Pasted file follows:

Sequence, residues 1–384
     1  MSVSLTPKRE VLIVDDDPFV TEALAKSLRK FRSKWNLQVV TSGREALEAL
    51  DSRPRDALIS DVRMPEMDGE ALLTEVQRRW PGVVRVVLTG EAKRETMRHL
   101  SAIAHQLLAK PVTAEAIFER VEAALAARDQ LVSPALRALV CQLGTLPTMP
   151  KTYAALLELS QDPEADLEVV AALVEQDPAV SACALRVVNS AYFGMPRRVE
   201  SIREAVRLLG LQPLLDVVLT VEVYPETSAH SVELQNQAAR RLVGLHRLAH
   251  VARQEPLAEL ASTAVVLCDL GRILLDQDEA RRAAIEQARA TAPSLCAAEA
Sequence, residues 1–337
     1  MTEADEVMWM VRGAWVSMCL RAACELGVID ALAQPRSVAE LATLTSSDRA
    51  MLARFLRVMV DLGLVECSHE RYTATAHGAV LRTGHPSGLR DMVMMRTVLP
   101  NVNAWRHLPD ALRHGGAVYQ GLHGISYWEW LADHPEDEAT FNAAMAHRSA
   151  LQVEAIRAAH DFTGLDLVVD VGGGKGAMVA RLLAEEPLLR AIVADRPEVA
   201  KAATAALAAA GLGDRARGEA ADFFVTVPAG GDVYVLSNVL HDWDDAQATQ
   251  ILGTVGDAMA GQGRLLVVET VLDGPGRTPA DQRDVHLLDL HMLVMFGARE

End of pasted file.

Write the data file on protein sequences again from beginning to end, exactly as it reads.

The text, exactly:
Sequence, residues 1–384
     1  MSVSLTPKRE VLIVDDDPFV TEALAKSLRK FRSKWNLQVV TSGREALEAL
    51  DSRPRDALIS DVRMPEMDGE ALLTEVQRRW PGVVRVVLTG EAKRETMRHL
   101  SAIAHQLLAK PVTAEAIFER VEAALAARDQ LVSPALRALV CQLGTLPTMP
   151  KTYAALLELS QDPEADLEVV AALVEQDPAV SACALRVVNS AYFGMPRRVE
   201  SIREAVRLLG LQPLLDVVLT VEVYPETSAH SVELQNQAAR RLVGLHRLAH
   251  VARQEPLAEL ASTAVVLCDL GRILLDQDEA RRAAIEQARA TAPSLCAAEA
Sequence, residues 1–337
     1  MTEADEVMWM VRGAWVSMCL RAACELGVID ALAQPRSVAE LATLTSSDRA
    51  MLARFLRVMV DLGLVECSHE RYTATAHGAV LRTGHPSGLR DMVMMRTVLP
   101  NVNAWRHLPD ALRHGGAVYQ GLHGISYWEW LADHPEDEAT FNAAMAHRSA
   151  LQVEAIRAAH DFTGLDLVVD VGGGKGAMVA RLLAEEPLLR AIVADRPEVA
   201  KAATAALAAA GLGDRARGEA ADFFVTVPAG GDVYVLSNVL HDWDDAQATQ
   251  ILGTVGDAMA GQGRLLVVET VLDGPGRTPA DQRDVHLLDL HMLVMFGARE